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MSc History of Science, Technology and Medicine

Year of entry: 2020

Course unit details:
The Politics of Public Health

Unit code HSTM60722
Credit rating 15
Unit level FHEQ level 7 – master's degree or fourth year of an integrated master's degree
Teaching period(s) Semester 2
Offered by Centre for History of Science, Technology & Medicine (L5)
Available as a free choice unit? No

Overview

On the eve of the UK general elections of 2019, the chief executive of the NHS, Chris Hopson made an appeal to all the political parties urging them not to politicize the NHS during the election campaign. Taking a cue from this, the unit will explore the question of politics inherent in the history of modern public health. It will explore how historically access to or even the lack of health and welfare facilities have been defined by political processes and choices. Accessing various historical and contemporary cases, this unit will establish that public health was and continues to be politically defined. This will help students interested in public health to appreciate that even the future questions of public health might depend on political processes.

Aims

- Introduce students to the idea that access to public health has been politically determined over time and across geographical locations. 
 
- Understand the role and nature of politics in public health provision, whether in terms of grassroots movements, state initiatives, or individual initiatives.
 
- Examine the various political contexts which defined the emergence of modern public health.
 
- Explore various global cases, from Britain to China, of the political imperative in the establishment and running of public health
 
- Initiate discussion how the future of global and local public health similarly depends on political choices and deliberate on what those choices ought to be.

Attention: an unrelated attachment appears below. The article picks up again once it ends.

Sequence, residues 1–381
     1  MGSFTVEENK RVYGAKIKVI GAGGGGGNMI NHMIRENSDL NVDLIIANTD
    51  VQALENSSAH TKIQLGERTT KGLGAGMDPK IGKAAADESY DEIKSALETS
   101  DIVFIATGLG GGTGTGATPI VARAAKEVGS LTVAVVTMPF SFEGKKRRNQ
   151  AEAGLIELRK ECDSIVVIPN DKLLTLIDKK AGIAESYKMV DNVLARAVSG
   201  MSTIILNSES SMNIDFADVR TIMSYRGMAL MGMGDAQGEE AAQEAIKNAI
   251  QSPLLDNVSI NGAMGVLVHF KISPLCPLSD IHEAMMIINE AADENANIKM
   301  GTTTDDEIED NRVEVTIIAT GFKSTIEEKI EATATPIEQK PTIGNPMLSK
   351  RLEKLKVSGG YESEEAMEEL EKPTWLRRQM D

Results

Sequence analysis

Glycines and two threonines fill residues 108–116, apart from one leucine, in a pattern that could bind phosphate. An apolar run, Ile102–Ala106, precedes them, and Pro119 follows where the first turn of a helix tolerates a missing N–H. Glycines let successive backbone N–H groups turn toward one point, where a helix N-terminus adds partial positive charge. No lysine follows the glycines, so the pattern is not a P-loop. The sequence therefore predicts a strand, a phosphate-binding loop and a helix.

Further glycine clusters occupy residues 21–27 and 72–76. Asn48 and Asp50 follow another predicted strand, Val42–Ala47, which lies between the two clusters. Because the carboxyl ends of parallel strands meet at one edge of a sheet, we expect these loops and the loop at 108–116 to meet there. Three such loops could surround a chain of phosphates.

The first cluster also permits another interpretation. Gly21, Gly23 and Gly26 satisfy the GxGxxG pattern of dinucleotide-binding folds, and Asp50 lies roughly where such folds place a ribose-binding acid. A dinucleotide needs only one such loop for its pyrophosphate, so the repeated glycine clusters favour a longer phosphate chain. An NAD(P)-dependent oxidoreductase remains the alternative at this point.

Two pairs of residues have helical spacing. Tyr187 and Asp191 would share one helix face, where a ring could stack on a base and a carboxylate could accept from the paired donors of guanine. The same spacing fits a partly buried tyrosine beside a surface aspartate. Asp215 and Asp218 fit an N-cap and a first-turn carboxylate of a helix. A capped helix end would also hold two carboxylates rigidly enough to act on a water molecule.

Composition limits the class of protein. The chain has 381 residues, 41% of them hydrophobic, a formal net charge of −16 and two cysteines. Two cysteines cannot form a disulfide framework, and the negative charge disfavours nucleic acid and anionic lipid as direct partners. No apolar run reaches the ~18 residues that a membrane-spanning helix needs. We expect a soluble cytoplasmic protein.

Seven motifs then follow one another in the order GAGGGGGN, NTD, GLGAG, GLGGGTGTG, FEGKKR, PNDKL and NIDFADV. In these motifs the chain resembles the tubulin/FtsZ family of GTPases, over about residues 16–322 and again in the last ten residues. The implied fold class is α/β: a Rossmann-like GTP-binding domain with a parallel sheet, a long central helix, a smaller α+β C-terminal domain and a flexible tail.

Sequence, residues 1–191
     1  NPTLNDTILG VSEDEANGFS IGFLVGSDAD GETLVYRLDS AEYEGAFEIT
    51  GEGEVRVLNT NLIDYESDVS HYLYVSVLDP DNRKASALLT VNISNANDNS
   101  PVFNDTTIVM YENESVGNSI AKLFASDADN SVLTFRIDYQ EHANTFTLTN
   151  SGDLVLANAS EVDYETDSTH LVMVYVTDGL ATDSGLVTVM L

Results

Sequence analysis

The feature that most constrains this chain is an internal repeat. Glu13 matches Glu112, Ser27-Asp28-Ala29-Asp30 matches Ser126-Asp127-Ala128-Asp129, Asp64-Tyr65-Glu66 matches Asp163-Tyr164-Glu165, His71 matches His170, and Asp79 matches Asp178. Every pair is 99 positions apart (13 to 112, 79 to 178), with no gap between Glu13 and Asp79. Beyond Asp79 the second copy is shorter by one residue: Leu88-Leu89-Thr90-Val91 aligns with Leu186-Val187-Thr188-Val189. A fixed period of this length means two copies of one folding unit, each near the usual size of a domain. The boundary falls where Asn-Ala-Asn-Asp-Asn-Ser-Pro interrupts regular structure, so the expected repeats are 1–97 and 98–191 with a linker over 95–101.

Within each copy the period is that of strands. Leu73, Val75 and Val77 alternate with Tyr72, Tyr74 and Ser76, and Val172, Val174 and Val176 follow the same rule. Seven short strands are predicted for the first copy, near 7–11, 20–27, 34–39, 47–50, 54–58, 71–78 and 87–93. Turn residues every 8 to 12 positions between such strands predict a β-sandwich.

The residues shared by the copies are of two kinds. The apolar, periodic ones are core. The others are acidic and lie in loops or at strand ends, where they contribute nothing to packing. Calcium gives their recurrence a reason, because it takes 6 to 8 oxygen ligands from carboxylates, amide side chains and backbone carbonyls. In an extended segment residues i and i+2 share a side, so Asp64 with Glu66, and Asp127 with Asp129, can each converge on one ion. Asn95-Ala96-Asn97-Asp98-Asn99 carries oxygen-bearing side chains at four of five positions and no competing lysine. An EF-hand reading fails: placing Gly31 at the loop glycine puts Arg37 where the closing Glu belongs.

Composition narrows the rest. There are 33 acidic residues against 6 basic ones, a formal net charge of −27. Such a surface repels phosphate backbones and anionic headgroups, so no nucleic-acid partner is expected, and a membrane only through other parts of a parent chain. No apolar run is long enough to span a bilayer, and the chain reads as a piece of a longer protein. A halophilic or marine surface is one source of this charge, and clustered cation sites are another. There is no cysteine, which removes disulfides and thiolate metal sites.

Teaching and learning methods

The unit will be taught in six two-hour seminar sessions, where we will discuss a range of required readings (primary and secondary). While students are asked to read all required readings for the week, they will be expected to assign themselves a reading which they introduce and discuss to the group as a whole, analysing the author’s argument and placing it in context. All readings will be made available through Blackboard, and the course handbook will contain a number of questions that are designed to focus the students’ reading and act as prompts for the seminar discussion. The unit lead will start each seminar by giving a short (5-10 minute) background introduction, and discussion will then centre on the key readings and questions. Seminar performance is not marked, but each student will be expected to contribute equally. 

Knowledge and understanding

- Demonstrate extensive knowledge of major trends in the provision and politics of public health, from the nineteenth century to the present day, and in European and global contexts.

Intellectual skills

- Place understandings of these practices and associated ideologies in historical context
- Understand relevant secondary literature on topics listed above
- Use historical literature to understand and critique contemporary debates 
- Identify fruitful topics for research essays in the history of public health
 

Practical skills

- Locate relevant primary and secondary sources, for weekly seminars and for research essays
- Plan and write a research essay
 

Transferable skills and personal qualities

- Work independently when appropriate, e.g. in preparing for seminars and essay writing
- Work in groups to determine who takes the lead in discussing particular readings each week. 
- Discuss work in a group environment, contributing to discussion and listening. 
 

Assessment methods

Method Weight
Written assignment (inc essay) 100%

Feedback methods

Detailed written feedback, delivered electronically and in person if requested. 

Recommended reading

  • Cummins I. The Impact of Austerity on Mental Health Service Provision: A UK Perspective. Int J Environ Res Public Health. 2018;15(6):1145. Published 2018 Jun 1. doi:10.3390/ijerph15061145
  • Ryan, Frances. Crippled¿: Austerity and the Demonization of Disabled People. London¿;: Verso, 2019
  • Szreter, Simon. “Rethinking McKeown: the Relationship between Public Health and Social Change.” American Journal of Public Health, vol. 92, no. 5, 2002, pp. 722–5.
  • Colgrove, James. “The McKeown Thesis: a Historical Controversy and Its Enduring Influence.” American Journal of Public Health, vol. 92, no. 5, 2002, pp. 725–9.
  • Stewart, John. The Battle for Health: a Political History of the Socialist Medical Association, 1930-51.
  • Murray, David Stark. Why a National Health Service? : the Part Played by the Socialist Medical Association. London, Pemberton Books, 1971
  • Ziersch, A M, and F E Baum. “Involvement in Civil Society Groups: Is It Good for Your Health?” Journal of Epidemiology and Community Health, vol. 58, no. 6, 2004, p. 493.
  • Marmot, Michael. “Fair Society Healthy Lives.” Inequalities in Health. Oxford University Press, 2013
 

Study hours

Scheduled activity hours
Seminars 12
Independent study hours
Independent study 138

Teaching staff

Staff member Role
Ian Burney Unit coordinator
Pratik Chakrabarti Unit coordinator

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